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Grisly discoveries make walks in the woods memorable

September 10, 2007
By Matt Markey, mmarkey@wcnet.org
While engaging in a variety of their favorite outdoors activities, hunters, fishermen, hikers and campers occasionally will get placed in a very odd and uncomfortable role. They become part of the investigation of homicides, suicides, kidnappings and missing people cases.

It is not uncommon to see headlines that report hunters finding a body in a wooded area well off the paved road or hikers coming across some human remains on a mountain trail, or a solo trout fisherman happening upon bones on an isolated creek bank.

There is no disputing the fact people die in a wide variety of places, sometimes by natural causes and other times as the victim of foul play.

There are other cases where they die one place, and the body is moved to another location.

When they die in cities or buildings or busy parks and public places, the body usually is found within hours. If the death occurs in the outdoors or the body is purposefully transported to remote location to conceal the death, the cause, or other circumstances surrounding the situation, can make locating the body take much, much longer.

And sometimes, they are never found. But in many cases of people who are missing for long periods of time, or are the victims of a crime that costs them their life, the body is discovered by a completely unsuspecting third party, totally by chance.

These discoveries often are made by outdoors folks who are engaging in recreational activities, or sometimes by workers whose job takes them to out of the way places.

Bodies never get discovered by golfers or bowlers or fantasy football fanatics. So it was not really a surprise a week or so ago when a group of school kids out for a walk in the woods in Michigan’s Upper Peninsula stumbled across something they will never forget.

They saw these bones — a lot of them — and the kids wondered if this was the place a deer a moose or a bear had died.

Upon closer inspection by the Michigan state police, it became clear the remains were nothing that was natural or common to the wild and rugged area.

A check of the missing persons’ reports and a look at dental records and DNA showed the bones were all that were left of a Wisconsin man who had been missing since 1985.

The school kids did not know it at the time, but they performed a service for the family of the missing man, who had to deal with more than 20 years of just not knowing what his fate had been. Up until the time the alert and inquisitive children spotted the bones in the woods, that man was simply listed as “missing.”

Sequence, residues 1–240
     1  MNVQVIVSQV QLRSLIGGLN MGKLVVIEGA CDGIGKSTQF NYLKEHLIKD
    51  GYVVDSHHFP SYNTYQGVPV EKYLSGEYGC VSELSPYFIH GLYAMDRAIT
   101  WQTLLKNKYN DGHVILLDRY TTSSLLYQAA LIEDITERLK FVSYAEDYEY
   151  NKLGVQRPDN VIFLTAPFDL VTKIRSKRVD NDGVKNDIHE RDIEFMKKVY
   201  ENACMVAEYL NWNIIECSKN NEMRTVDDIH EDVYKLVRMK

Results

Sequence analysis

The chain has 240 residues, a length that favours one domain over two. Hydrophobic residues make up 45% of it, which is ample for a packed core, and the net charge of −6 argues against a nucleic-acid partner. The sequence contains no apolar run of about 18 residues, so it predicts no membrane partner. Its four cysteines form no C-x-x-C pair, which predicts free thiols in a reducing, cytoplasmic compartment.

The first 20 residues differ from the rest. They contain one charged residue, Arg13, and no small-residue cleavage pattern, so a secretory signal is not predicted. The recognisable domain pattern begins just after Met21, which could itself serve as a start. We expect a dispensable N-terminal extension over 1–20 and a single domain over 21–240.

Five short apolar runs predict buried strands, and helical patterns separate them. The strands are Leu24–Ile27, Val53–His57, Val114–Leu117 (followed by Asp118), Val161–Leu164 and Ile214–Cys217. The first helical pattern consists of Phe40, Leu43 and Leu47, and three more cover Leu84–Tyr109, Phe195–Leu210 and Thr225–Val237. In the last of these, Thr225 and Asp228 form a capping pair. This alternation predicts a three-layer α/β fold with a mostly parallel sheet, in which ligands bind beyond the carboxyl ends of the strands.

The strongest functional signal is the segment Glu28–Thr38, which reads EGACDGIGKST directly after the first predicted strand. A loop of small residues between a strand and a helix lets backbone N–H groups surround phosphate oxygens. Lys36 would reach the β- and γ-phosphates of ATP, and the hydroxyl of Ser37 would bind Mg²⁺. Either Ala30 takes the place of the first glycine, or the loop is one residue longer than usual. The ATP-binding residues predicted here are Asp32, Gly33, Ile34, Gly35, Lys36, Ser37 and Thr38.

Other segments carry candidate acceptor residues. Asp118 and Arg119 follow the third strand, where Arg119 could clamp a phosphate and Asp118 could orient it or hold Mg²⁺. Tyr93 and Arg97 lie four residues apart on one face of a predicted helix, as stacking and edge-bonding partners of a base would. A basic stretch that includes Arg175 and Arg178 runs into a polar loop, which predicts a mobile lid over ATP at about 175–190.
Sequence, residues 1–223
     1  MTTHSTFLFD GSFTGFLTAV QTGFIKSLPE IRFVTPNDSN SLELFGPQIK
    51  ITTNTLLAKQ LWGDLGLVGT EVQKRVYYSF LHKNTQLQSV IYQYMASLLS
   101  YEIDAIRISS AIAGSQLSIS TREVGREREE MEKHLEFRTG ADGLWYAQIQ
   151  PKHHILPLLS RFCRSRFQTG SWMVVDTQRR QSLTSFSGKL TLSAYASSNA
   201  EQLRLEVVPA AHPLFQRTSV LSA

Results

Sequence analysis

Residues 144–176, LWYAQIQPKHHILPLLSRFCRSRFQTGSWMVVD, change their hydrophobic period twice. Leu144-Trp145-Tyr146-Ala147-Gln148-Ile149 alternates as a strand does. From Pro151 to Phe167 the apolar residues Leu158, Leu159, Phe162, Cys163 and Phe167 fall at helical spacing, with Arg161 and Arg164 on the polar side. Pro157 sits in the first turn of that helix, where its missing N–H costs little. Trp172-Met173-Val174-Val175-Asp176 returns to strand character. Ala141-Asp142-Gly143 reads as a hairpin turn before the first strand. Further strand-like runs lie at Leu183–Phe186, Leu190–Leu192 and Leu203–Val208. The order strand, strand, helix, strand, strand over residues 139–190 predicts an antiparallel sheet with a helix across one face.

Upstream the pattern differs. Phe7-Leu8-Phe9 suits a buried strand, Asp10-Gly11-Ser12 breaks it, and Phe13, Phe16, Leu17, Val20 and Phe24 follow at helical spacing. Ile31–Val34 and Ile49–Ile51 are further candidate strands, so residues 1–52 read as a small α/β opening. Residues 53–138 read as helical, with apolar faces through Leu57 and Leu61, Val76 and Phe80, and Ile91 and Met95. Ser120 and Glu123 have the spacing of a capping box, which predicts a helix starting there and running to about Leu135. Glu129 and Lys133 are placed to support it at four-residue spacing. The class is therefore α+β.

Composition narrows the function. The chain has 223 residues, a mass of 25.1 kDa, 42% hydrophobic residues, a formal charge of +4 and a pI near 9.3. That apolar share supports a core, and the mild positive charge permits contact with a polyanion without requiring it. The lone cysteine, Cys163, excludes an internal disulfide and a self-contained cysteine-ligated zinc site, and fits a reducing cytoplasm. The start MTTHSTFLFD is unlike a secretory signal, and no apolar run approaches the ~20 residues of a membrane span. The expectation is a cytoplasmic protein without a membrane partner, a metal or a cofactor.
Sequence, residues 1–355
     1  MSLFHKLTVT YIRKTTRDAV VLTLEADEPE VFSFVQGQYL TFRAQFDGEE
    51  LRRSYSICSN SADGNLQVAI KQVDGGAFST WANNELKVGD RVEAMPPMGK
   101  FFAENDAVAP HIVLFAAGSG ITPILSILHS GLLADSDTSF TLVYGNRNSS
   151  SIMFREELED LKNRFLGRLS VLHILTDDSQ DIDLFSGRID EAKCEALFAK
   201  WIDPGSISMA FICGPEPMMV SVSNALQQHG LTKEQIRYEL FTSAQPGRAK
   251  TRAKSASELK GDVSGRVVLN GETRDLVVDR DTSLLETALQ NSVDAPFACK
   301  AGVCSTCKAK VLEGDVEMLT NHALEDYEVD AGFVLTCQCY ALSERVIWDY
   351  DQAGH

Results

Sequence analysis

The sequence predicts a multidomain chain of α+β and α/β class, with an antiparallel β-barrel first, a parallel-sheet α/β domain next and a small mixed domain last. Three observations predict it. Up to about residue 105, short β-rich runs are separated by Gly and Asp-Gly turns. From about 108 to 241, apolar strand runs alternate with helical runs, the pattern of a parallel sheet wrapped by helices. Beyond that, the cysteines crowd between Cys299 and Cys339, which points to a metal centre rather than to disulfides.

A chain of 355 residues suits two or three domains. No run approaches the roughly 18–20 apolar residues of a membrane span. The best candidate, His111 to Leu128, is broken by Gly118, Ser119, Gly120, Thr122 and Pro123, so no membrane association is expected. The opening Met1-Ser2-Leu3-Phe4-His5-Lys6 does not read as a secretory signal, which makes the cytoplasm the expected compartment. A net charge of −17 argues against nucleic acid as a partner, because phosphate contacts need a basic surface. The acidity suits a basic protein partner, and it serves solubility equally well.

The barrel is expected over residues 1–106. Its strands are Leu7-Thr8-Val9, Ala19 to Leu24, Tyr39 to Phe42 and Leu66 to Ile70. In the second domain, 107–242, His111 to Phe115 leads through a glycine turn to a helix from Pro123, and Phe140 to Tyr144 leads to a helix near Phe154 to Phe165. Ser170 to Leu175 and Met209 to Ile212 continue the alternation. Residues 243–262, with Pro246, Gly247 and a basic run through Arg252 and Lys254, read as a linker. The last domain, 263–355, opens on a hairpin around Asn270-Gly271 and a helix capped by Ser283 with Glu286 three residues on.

The remains were those of William McKinnon of the Wisconsin town of Superior, who was 75 years old at the time he was reported missing.

His car had been found back then, in 1985, with the doors not locked and the headlights still on.

Authorities at the time conducted an extensive search for McKinnon, combing the area repeatedly, but no trace of him was found.

Because he had shown some symptoms that were similar to Alzheimer’s disease, it was suspected he had just wandered off, but there was no conclusive evidence of that for almost 22 years.

The school kids who found McKinnon’s remains were walking about two and a half miles from where he had left his vehicle, so the elderly man had not traveled far. But due to the remoteness of the location, the thick forest growth, and the rugged nature of the terrain, his body had remained hidden for so long.

At about the same time this discovery took place in the Upper Peninsula, hikers in the Canadian province of British Columbia found the body of a hunter who had been missing for several weeks.

Again, an extensive search had taken place and turned up no trace of the missing person, but hikers stumbled on the body while they were on a regular outing.

The reality for us hunters, fishermen, campers and hikers, is the best places for us are usually the most remote, and those often turn out to be the places these discoveries are made. We go where the majority of folks do not go, increasing our chances of making one of these still rare finds.

The best advice from law enforcement is simple: When in the outdoors, we should be observant of our surroundings, take note of anything unusual or out of the ordinary, and if we suspect we have stumbled on something that could be related to a death or some other type of crime, leave it untouched until the authorities take a look.

Having said that, enjoy the outdoors. The odds are huge and in your favor you will never come across anything like what those Michigan school kids found on their walk in the woods.



Matt Markey is The A-T outdoors columnist

 
 
 

 

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